We walked to another lofty staircase, which ascended to the "Acropolis," the highest point in the complex. "Can I get on your back," Arielle asked. And up we climbed, Arielle happily nested on her daddy's back, enjoying the view, while Dad did all the work. Once on top, we rested. I opened my canteen, and we both savored a much needed drink of water. With the ruins arranged splendidly below us, we savored the magnificent panorama of Copan as well. The tall green mountains and the strong brown currents of the Copan River in the distance formed a stunning backdrop to this ancient city. "I like Copan more than Tikal, Daddy," Arielle remarked. "Why?" "Because there aren't so many mosquitoes."

After catching our breath, Arielle and I went back down the staircase to the trail leading to the entry gate. We had drifted happily in and out of time here, Arielle and I, willing captives of the hypnotic spell cast by this forsaken city - felt by many to represent the summit of Mayan civilization. As we walked down the stairs, we didn't know it, but there would be yet another surprise awaiting us.

Once past the gate, as often happens at important tourist sites, a

torrent of local children selling crafts and souvenirs besieged us. We stopped to look. They displayed Mayan jewelry, garments, pottery, musical instruments, and stone replicas of sculptures found within the ruin complex. I let Arielle down from my back. She, of course, went right for the necklaces. "It looks good on me, Dad." While browsing around on my own, I noticed a young Honduran girl, barefoot, about ten years old, befriending Arielle. Although neither understood the other's language, they managed well enough using a combination of sign language, facial expressions, and much smiling. I returned to the eager young faces clustered around me. I made my selections and then called to Arielle. She waved goodbye to her companion. I placed her on my back, and we started toward the parking lot.

About half way there, I noticed the little Honduran girl that had played with Arielle scurrying after us. I heard her say over and over in Spanish, "un regalo," (a gift). I continued marching toward my car, thinking she was trying to sell me another craft. I politely told her, "no gracias" (no thank you). She persisted however, repeating, "un regalo." I kept walking, reiterating once more, "no thanks."

She retorted, "no, no, un regalo," almost suggesting by the tone of her voice that I was misjudging her, which I found amusing. After all, what else could she possibly be after than to peddle me something?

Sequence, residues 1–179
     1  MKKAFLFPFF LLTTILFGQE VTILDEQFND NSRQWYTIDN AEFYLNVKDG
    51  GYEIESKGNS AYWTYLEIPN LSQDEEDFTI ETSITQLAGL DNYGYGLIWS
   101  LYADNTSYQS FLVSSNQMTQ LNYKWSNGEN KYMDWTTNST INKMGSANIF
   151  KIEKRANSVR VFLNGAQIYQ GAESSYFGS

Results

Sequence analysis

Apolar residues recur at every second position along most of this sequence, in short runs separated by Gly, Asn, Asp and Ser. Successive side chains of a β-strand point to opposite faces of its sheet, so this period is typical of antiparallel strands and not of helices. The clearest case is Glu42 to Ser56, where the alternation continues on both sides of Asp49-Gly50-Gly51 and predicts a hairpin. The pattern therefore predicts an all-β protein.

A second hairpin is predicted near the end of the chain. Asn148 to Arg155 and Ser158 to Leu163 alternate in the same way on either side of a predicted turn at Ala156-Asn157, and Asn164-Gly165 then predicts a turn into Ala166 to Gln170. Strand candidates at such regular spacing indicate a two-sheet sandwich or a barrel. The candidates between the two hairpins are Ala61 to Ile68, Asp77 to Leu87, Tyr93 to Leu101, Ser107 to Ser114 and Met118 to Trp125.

She persisted. And, finally, I stopped. When I turned, I immediately recognized that I had made a mistake. Looking over my shoulder, I saw that Arielle was holding a beautiful clay figurine, given her by the girl. Arielle was smiling at her, clutching the small statue as if it were made of gold. She then said in a shy voice, "Thank you." The girl smiled back. "Di nada," (you're welcome) she said. "Como se llama?" (What is your name?) she asked. "Arielle," I said, answering for my daughter. I sheepishly realized that our little friend wasn't after my money at all. She had only wanted to give a gift to my daughter. I was both embarrassed and deeply touched by her generosity. I thanked her and offered to pay. She refused the money. She then asked how old Arielle was. Arielle responded proudly, "four years old!" The girl then said, "Arielle es muy linda." (Arielle is very pretty.) "Gracias," I replied. With a wave of her hand and a warm smile, she was off. I watched her scamper up the path in her barefeet to rejoin her friends.

I was not impressed, I was amazed. For a barefoot Honduran girl to present a gift to the daughter of an American tourist was incredible. Apart from our being perfect strangers, from her perspective, I was the rich American, shelling out money for frills; the well-heeled gringo indulging my daughter and I with extravagances completely out of reach for her. But none of that seemed to matter. Not even my rudeness could get in the way. Under the circumstances, it was as moving an act of kindness as any I had seen. It also revealed the magic of children - their ability to create, instantly, friendship and intimacy under any condition.

Traveling with my daughter has always been wonderful. The shared memories become part of the weave that binds us together. And when we look at the small sculpture sitting in my study, we think of the young girl back in Honduras, who added one more precious memory.